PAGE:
The district judge also stated that "since [Distiller's] label and the accused sign have nothing in common but a single word, there has been no reproduction, copying or colorable imitation [and] the concept of likelihood of confusion never becomes relevant." On the previous appeal, we noted the judge's failure to give sufficient weight to the predominant feature of the marks in this case — the single word BEEFEATER. 540 F.2d at 276. See also Union Carbide Corp. v. Ever-Ready, Inc., 531 F.2d 366, 383 (7th Cir.), cert. denied, 429 U.S. 830, 97 S.Ct. 91, 50 L.Ed.2d 94 (1976). We therefore hold the repetition of this failure to be in error.
In our prior opinion we stated that absent the presentation of contrary evidence at retrial, the judge would be obliged to find Distiller entitled to relief for trademark infringement. 540 F.2d at 279. We also noted that, depending upon the circumstances of the individual case, this court is as capable as the trial court of determining whether the evidence, as a matter of law, was sufficient to establish a right to relief. Id. at 273. Upon retrial, the evidence offered by Restaurant failed to refute the evidence which had previously been offered by Distiller and which had shown the likelihood of confusion as to the source of origin. In fact, Restaurant's survey provided additional evidence of actual confusion. We therefore hold the trial court's finding of no likelihood of confusion to be clearly erroneous and reverse the judgment of that court as to Distiller's right to injunctive relief.
Evidence of actual confusion is not necessary to establish infringement since likelihood of confusion is the gravamen of the action. Yet evidence of actual confusion has often been viewed as the best evidence of the likelihood of confusion. See the cases listed in Union Carbide Corp. v. Ever-Ready, Inc., 531 F.2d 366, 383 (7th Cir.), cert. denied, 429 U.S. 830, 97 S.Ct. 91, 50 L.Ed.2d 94 (1976), and in 4 Callmann, Unfair Competition Trademarks and Monopolies § 80.6, at 564.
Because we find that both surveys evidence likelihood of confusion as to Distiller's sponsorship or promotion of the restaurants, it is unnecessary to reach Distiller's additional contention that the trial judge erroneously excluded actual confusion testimony of respondents from the Chicago portion of Restaurant's survey.
Distiller also contends that the trial judge erred in holding for Restaurant on the issue of laches and estoppel. Distiller maintains that even if laches were to be held applicable in the case at bar, Distiller would nonetheless be entitled to both injunctive relief and an accounting of profits wrongfully derived by Restaurant through the opening of new restaurants since the filing of this action. It is important to recognize the interrelationship between the types of relief requested by Distiller (an injunction as well as damages and an accounting of profits) and the defenses asserted by Restaurant (laches and estoppel). By reason of laches, a plaintiff in a trademark infringement action may lose the right to recover damages or wrongfully derived profits during the period prior to the filing of suit. Upon a showing of infringement, however, the plaintiff may still be entitled to injunctive relief, McLean v. Fleming, 96 U.S. 245, 24 L.Ed. 828 (1877), and to damages and profits for the period subsequent to the filing of suit. Trademark infringement is a continuous wrong and, as such, gives rise to a claim for relief as long as the infringement persists. 4 Callmann, Unfair Competition Trademarks and Monopolies § 87.5, at 157.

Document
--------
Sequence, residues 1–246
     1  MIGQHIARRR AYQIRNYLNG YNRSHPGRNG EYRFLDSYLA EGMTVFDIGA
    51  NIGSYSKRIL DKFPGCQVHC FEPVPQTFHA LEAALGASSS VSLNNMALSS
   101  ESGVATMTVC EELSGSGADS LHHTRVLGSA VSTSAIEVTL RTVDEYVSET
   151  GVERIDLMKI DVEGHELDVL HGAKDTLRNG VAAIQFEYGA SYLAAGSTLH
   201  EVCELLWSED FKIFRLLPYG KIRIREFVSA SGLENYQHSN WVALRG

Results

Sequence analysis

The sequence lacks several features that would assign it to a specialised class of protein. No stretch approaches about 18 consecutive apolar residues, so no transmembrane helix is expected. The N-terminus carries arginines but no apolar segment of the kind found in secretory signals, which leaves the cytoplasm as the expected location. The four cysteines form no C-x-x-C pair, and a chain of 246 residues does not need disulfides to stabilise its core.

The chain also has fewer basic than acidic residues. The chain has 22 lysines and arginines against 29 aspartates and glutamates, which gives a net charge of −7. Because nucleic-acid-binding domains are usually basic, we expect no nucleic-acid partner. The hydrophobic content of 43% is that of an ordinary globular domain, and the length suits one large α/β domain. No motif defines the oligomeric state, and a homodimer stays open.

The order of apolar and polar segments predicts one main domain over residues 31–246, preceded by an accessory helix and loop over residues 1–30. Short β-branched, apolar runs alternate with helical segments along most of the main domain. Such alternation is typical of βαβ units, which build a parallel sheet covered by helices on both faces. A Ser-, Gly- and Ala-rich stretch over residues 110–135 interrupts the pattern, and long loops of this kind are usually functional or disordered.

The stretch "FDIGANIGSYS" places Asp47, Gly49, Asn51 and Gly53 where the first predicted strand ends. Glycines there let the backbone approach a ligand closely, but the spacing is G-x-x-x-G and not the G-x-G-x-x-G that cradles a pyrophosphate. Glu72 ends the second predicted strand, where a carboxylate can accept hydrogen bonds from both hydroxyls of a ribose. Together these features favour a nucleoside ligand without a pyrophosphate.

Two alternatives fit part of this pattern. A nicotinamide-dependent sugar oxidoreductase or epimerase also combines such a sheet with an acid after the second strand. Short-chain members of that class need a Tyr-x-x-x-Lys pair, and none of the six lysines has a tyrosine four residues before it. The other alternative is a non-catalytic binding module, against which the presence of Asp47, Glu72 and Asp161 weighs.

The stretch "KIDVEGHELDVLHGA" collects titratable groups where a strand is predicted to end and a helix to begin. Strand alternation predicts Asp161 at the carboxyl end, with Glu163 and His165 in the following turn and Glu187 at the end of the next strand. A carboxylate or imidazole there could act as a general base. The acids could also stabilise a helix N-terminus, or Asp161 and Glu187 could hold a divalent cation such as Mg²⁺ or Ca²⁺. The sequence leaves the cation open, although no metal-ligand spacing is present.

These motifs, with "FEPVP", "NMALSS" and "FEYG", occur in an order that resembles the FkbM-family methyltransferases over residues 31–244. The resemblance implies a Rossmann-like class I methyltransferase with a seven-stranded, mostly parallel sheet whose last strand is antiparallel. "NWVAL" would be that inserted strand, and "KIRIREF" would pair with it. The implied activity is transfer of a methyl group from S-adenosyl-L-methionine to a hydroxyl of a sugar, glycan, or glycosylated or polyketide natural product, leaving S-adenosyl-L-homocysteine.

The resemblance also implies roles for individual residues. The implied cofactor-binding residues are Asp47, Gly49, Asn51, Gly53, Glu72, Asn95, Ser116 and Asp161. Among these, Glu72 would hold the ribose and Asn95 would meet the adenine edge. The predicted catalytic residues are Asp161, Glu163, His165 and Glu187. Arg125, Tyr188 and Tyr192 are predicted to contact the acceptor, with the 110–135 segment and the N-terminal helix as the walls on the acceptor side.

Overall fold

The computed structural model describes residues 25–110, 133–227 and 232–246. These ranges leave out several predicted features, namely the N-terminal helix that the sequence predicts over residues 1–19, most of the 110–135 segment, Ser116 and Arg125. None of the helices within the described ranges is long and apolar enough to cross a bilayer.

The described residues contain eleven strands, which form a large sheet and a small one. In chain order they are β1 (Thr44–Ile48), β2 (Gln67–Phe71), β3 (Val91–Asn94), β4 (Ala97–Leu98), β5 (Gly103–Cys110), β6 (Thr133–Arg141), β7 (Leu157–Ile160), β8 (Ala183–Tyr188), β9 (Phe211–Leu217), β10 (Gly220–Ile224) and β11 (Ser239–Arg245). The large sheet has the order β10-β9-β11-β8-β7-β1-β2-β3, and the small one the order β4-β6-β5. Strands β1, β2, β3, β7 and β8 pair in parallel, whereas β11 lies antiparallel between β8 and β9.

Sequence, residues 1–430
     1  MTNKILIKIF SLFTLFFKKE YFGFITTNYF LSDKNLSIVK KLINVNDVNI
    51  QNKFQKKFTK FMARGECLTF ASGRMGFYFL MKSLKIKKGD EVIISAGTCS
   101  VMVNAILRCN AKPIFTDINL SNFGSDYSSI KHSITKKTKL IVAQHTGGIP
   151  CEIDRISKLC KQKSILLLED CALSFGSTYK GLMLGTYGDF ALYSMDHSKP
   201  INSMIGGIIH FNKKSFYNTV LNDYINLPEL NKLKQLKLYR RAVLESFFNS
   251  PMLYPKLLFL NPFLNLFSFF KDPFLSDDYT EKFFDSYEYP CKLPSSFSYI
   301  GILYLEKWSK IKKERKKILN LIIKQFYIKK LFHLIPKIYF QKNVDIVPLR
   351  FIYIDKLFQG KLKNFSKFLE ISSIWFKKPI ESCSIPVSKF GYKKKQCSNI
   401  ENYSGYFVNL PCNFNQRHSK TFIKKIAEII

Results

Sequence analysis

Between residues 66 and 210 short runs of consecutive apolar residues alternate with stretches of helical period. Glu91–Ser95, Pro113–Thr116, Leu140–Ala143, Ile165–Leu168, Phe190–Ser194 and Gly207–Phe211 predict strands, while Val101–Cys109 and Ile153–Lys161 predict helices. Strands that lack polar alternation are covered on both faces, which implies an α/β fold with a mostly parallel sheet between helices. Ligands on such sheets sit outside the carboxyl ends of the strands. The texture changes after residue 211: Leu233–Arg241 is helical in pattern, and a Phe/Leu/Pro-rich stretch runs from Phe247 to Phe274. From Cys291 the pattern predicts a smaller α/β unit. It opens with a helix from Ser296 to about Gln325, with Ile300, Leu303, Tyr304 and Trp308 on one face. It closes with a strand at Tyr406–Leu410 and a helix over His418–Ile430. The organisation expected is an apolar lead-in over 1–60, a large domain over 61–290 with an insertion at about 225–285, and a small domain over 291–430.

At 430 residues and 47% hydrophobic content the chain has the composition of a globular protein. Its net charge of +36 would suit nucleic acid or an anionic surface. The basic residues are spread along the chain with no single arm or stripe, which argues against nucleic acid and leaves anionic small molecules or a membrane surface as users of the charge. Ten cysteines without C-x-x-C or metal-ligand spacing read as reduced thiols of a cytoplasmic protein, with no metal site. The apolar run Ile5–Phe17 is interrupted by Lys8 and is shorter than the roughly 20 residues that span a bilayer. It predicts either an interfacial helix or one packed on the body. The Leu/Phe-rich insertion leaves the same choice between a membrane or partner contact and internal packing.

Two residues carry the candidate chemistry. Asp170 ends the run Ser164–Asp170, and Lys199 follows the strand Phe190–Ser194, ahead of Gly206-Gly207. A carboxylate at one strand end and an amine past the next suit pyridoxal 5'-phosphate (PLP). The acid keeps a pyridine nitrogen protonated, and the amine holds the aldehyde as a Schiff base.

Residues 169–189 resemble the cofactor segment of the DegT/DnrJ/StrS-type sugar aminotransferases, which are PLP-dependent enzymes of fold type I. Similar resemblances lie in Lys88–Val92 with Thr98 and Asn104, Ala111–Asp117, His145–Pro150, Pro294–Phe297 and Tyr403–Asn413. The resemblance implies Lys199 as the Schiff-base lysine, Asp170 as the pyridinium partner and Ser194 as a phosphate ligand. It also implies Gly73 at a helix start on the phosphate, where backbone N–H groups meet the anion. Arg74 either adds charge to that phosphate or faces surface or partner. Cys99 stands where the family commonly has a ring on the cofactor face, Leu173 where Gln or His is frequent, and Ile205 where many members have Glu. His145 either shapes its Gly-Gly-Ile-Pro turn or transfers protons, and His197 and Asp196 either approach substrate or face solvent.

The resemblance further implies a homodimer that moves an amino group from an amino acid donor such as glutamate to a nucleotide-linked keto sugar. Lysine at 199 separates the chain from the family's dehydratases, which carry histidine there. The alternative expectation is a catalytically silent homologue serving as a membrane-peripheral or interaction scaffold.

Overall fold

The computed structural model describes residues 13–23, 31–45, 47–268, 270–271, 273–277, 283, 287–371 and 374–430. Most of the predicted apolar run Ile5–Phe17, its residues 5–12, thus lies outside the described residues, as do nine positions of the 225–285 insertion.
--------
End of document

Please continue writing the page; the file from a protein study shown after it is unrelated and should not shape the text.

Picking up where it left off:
When considering a defense of estoppel in a case such as this one, a court must keep in mind the fact that a trademark infringement action involves not only the right of the trademark owner to control the reputation of his product, but also the right of the consuming public to be free of confusion. 540 F.2d at 274.
Under the uncontested facts of this case, it is clear that Distiller delayed instituting suit for infringement for an unreasonable period of time after becoming aware of the "Sign of the Beefeater" restaurants. For this reason, the equitable doctrine of laches precludes recovery by Distiller of damages or profits for the period prior to the filing of its suit. In fact, Distiller concedes as much. It is also clear, however, that Restaurant and its predecessors were aware of the potential risk involved in opening additional restaurants once this action was filed. We are therefore unable to find the requisites for application of the doctrine of estoppel. See Lebold v. Inland Steel Co., 125 F.2d 369, 375 (7th Cir. 1941).
See 540 F.2d at 270 n. 6. We disagree with Distiller's contention that the litigation in the United States Patent and Trademark Office with regard to Restaurant's two applications to register the mark "Sign of the Beefeater" is evidence of Distiller's ongoing objection to Restaurant's use of the mark. Notice of Opposition to Registration is not a claim of infringement; it is merely an assertion by the owner of a trademark that the applicant's proposed mark is likely to confuse the public as to the source of the product or service, and simply seeks to prevent the proposed registration. Merrick v. Sharp Dohme, 185 F.2d 713, 716-17 (7th Cir. 1951).
In sum, we hold that the trial court erred in concluding (1) that Distiller did not establish its right to relief for trademark infringement and (2) that in any event estoppel bars the action. We affirm the court's conclusion that laches applies. Because laches is applicable, Distiller is only entitled to an accounting of profits wrongfully derived by Restaurant through the opening of new restaurants since the filing of this action.
The judgment is reversed and the cause is remanded for the entry of an appropriate injunction and for an accounting of profits and damages.